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New ANZ research has underlined the huge performance potential of the red meat industry, but also identified significant barriers that need to be overcome if it is to once again be a driving force in the New Zealand economy.  
The annual ANZ Privately Owned Business Barometer survey found the top performing farmers were achieving returns on investment that outshone almost any other producers in New Zealand. However, a larger number of farms were achieving more modest returns and comparatively flat growth.   
“The red meat industry is at a tipping point. The world wants New Zealand red meat, and high-performing farmers are taking full advantage of that with returns that are among the best of any agri sector in the country,” said Graham Turley, Managing Director Commercial & Agri at ANZ.  
“The challenge now is to narrow the range of performance across the industry. High performers have confidence in the future of the industry and they back their ability to make a difference to the productivity of their business. 
“In addition to addressing the ageing farmer population and post-farm-gate structure of the industry, increasing sector confidence and willingness to invest in the productivity 
and efficiency of their businesses will be key to realising the incredible opportunities available.”  
275 Red Meat businesses – varying in size, location and structure – completed the 2015 survey, which was followed up by Focus Groups throughout New Zealand. The survey was part of ANZ’s contribution to Beef + Lamb New Zealand’s Red Meat Profit Partnership, a collaborative programme that brings together participants from across the red meat sector to help the industry become more profitable and productive. Issues identified in the survey included:  
Ageing industry  
The age of the average red meat farmer is nearing 60, which also impacts on decisions to invest in the performance of the business. For example, an investment with a sevenyear payback looks very different to a 60-year-old than a 40-year-old. There was also limited awareness by farmers and their advisers of the business models that can achieve greater returns.   
Red Meat farmers face a range of new pressures that are contributing to stress and low confidence. These include increasing compliance requirements in areas such as the environment, health and safety, staff conditions and livestock welfare. All of these require farmers to have a more formal business management approach and, usually, greater use of technology.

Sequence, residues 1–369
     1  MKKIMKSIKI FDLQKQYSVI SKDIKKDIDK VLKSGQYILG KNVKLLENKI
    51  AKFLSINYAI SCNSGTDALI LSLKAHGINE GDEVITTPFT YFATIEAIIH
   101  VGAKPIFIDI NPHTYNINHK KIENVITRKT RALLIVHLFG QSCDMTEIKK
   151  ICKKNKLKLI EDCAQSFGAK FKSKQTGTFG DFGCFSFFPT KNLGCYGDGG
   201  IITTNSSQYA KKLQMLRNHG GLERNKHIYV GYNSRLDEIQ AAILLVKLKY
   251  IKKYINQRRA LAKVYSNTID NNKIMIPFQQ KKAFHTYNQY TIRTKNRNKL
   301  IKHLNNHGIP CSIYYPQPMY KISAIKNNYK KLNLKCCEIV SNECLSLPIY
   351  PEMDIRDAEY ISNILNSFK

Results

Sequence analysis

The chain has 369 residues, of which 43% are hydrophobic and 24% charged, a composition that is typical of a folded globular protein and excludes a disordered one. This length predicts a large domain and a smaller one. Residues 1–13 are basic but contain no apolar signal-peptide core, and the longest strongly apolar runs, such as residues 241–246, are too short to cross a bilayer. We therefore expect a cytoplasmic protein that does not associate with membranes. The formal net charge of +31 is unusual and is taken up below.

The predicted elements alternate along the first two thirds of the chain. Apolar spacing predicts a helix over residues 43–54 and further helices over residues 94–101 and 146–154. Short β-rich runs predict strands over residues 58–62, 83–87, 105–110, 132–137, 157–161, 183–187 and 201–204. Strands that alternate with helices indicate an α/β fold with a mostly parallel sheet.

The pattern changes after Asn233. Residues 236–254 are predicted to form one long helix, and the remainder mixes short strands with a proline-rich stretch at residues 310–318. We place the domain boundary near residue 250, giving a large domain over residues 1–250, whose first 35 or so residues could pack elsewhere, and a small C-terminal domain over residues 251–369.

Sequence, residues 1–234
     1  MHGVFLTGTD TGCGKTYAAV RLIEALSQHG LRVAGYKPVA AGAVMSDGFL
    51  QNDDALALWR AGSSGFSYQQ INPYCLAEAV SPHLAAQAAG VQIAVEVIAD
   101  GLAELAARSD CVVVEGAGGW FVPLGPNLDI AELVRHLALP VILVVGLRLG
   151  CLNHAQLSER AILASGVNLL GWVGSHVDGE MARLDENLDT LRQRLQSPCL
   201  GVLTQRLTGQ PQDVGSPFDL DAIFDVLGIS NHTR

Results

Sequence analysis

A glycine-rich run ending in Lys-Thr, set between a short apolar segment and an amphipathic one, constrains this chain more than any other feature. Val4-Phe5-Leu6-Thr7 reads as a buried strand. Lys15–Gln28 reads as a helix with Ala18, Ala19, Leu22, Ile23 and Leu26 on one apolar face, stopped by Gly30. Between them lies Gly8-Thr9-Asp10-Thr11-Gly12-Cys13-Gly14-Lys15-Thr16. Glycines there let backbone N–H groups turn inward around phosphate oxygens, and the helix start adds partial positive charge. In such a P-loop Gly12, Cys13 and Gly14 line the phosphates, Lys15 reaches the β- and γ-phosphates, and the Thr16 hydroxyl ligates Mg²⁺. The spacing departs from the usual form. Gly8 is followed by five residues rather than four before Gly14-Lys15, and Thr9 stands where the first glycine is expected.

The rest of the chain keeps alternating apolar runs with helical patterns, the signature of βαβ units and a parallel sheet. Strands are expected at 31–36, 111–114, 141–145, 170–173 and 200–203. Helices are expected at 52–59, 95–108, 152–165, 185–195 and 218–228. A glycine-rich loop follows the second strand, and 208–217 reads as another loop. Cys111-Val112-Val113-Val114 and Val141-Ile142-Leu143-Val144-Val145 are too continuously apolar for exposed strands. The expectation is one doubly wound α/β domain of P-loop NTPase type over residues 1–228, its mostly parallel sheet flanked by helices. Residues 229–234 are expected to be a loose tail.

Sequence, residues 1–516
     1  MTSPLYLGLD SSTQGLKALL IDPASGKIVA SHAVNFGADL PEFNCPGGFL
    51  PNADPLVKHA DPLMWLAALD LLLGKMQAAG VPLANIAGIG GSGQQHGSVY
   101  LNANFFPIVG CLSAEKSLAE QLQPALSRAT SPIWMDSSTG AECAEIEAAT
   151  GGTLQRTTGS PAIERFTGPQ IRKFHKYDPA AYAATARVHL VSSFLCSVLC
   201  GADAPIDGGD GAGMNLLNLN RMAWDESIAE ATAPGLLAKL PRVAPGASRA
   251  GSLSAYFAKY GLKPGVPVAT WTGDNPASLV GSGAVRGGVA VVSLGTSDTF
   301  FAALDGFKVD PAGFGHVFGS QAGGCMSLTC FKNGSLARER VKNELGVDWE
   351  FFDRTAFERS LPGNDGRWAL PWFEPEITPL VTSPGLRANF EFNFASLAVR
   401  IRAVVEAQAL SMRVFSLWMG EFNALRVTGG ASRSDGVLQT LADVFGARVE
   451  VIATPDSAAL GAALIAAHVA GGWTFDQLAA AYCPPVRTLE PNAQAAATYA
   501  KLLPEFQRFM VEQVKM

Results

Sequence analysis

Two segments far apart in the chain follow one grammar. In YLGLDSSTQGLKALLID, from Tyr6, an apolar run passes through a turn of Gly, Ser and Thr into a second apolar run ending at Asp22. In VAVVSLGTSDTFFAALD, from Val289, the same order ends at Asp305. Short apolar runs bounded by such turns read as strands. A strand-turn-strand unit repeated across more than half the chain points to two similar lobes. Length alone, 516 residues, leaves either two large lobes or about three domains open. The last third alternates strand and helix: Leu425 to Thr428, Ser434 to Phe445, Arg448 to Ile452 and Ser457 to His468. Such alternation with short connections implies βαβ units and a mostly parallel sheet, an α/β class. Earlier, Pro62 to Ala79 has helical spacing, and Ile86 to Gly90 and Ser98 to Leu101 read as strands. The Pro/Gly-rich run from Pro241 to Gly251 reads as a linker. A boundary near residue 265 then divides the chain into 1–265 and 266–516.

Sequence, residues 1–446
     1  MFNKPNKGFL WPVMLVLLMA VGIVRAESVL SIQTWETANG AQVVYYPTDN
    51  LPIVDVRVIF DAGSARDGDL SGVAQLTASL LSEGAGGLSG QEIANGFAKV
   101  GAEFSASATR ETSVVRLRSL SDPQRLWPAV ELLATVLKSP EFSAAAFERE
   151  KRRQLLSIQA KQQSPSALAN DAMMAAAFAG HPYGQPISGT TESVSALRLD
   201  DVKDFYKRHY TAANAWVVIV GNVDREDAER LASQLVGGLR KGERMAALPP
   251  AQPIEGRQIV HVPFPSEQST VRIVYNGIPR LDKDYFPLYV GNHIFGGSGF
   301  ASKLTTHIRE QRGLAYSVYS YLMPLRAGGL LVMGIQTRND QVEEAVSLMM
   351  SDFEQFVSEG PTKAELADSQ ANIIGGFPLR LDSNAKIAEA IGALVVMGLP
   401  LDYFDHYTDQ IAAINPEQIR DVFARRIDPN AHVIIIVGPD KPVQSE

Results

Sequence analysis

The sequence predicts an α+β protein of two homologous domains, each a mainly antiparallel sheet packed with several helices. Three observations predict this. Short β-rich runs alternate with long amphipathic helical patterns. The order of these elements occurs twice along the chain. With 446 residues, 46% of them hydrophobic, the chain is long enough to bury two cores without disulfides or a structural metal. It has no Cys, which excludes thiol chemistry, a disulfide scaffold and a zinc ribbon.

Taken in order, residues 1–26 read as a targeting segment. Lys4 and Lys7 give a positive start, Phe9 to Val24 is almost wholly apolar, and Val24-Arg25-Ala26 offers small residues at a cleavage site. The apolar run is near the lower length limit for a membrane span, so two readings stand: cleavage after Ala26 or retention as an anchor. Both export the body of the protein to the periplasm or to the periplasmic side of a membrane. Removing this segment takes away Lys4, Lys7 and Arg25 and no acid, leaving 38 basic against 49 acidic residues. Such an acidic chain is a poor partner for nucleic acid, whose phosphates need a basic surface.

Supply chain integration  
While the meat industry agrees on the need for more integration between farmers, processors and the market, the survey found a widespread belief that there was insufficient progress towards this.  “We see the Red Meat industry as part way into a real success story. The challenge remains how to get greater uptake and follow through on the initiatives to take it the rest of the way,” Mr Turley said.     
Support networks  
Research shows that when the husband and wife are engaged in the business of farming there is more confidence in the operation. Engaging in conversations about ideas and farm issues makes a significant difference to the demeanour of the business.  Farmers also talked about the importance of having good networks of other farmers, advisers, and rural bankers as a way of building confidence and a progressive outlook.  
The ANZ Privately-Owned Business Barometer is New Zealand’s most comprehensive annual survey of business sentiment, taking in commercial, farming and Maori businesses. The Red Meat Insights 2015 report is available here: 
Glenn Baker

Glenn is a professional writer/editor with 50-plus years’ experience across radio, television and magazine publishing.


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